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Fertilizers for the Garden and for Houseplants That Cost You Nothing!
Spring is here and with this popular season comes spring planting! Before you know it, summer will be here, bringing you those luscious vegetables and fruits you’ve looked forward to all winter long. So, you have everything ready, right? Seeds, new gloves, maybe a new garden hose, and fertilizer. Did you buy fertilizer? Everyone knows that plants need fertilizer to be their best, but many people either just don’t bother, or they pay a small fortune for some organic type of fertilizer.
Some people do compost, which is great, but let’s be honest, most of us don’t. We don’t have the space or we are – well, let’s be honest, we’re lazy. It’s alright. Everyone is busy and a compost pile is something you can live without. But what if we told you that you have tons of fertilizing material right at your fingertips and you just don’t know it?
Free fertilizers come in three different types: plant, food, or animal. There are a few miscellaneous items, but those are the major categories. You don’t have to do them all, and some will work better for you than others, and that’s OK. All you have to do is choose the method(s) that works best and go with it.
Most gardens run out of really good quality soil after your plants roots grow past the first inch or two of soil. Then it depends on what type of soil you have as to what type of nutrients will be available to your plants. When you go to all the trouble to sow your seeds, keep out the dogs, insects, and animals, remove weeds, and be certain that your veggies get the right amount of water, don’t you want to see a bumper crop of vegetables? Who doesn’t?! Isn’t that what gardening is all about?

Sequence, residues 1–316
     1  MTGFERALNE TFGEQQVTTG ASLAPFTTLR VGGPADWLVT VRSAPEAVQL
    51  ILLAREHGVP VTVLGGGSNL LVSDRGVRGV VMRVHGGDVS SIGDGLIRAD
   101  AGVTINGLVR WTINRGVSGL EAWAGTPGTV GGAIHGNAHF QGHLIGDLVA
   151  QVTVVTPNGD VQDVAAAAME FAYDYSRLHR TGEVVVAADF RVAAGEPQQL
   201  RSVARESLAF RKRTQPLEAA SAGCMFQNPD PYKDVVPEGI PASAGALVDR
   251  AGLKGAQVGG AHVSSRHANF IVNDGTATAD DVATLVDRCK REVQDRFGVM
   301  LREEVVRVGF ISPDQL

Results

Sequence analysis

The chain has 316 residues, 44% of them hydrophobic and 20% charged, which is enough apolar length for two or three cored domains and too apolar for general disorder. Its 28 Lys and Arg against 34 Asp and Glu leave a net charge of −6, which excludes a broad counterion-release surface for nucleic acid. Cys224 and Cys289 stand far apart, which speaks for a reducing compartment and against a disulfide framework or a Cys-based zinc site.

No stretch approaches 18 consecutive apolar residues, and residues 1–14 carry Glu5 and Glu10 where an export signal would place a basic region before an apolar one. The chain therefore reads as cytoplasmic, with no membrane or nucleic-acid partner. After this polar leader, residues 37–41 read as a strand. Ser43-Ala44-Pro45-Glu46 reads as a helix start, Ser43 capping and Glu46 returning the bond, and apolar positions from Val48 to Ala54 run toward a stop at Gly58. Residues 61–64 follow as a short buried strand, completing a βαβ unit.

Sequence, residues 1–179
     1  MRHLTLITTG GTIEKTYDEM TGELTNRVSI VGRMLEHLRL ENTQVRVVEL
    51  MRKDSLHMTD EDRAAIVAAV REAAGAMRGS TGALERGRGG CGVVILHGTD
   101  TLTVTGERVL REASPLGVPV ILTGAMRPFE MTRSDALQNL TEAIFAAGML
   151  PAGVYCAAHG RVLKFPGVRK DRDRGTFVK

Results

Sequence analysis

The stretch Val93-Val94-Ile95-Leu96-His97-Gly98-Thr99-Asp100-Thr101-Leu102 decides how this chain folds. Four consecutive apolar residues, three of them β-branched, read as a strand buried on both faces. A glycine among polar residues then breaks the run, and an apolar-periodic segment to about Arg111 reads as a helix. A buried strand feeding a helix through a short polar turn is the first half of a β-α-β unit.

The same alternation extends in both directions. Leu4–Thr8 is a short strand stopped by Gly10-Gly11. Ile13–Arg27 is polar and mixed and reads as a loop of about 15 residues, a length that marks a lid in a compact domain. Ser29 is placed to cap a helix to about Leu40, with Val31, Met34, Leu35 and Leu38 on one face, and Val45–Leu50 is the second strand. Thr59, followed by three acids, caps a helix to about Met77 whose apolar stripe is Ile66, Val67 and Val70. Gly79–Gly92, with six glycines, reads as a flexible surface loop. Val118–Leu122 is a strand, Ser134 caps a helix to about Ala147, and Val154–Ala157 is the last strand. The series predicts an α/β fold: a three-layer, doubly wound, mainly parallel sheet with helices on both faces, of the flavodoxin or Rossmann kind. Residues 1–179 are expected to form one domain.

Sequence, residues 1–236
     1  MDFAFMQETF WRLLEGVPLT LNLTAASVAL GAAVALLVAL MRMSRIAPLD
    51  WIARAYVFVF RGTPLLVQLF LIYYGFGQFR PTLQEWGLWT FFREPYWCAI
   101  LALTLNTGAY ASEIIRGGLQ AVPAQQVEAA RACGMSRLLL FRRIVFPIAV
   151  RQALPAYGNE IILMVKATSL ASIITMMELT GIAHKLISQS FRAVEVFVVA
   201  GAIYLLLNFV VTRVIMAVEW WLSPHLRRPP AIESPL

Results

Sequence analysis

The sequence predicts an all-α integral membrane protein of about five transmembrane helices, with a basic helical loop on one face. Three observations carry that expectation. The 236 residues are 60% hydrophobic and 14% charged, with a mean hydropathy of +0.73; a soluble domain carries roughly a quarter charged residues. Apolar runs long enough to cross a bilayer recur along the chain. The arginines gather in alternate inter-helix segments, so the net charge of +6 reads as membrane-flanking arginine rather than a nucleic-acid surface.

By the way, your houseplants and flowers or herb gardens also benefit from a regular application of fertilizer. These freebie fertilizers will work for them, too, giving you bigger flowers, more lush leaves, and better overall growth.
Let’s look at the top fertilizers that you can give your plants from items you would most likely just throw away otherwise.
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First, let’s take a look at food-based fertilizers. You don’t need a compost pile to get fertilizer from your food scraps. Here’s how you can do it:
- Food Mulch: Simply grind up one or more of the foods listed below and add about a teaspoon or so to the base of each plant and work it into the soil. You can do this as often as once each week but do so a minimum of every three weeks for best results.
- Powdered Food Fertilizer: Dry some of the foods from the list below in the oven, outside in the sun, or in your dehydrator. Once they are completely dry, grind in a blender until it makes a fine powder and put a tablespoon or so at the base of each plant and water well.
- Food “Tea” Fertilizer: Using a container with a lid (to keep out flies and other insects) place some of the foods listed below in your container. Fill with water and allow to sit for a minimum of 3 days, or as long as you like. When your plants need water, put one cup of this tea into one gallon of plain water and use as you normally would.
Best Foods for Fertilizing:
- Carrot peels
- Citrus rinds
- Coffee grounds (if you don’t drink coffee, ask your friends for theirs, or ask Starbucks for some. Starbucks gives out grounds to anyone who asks!)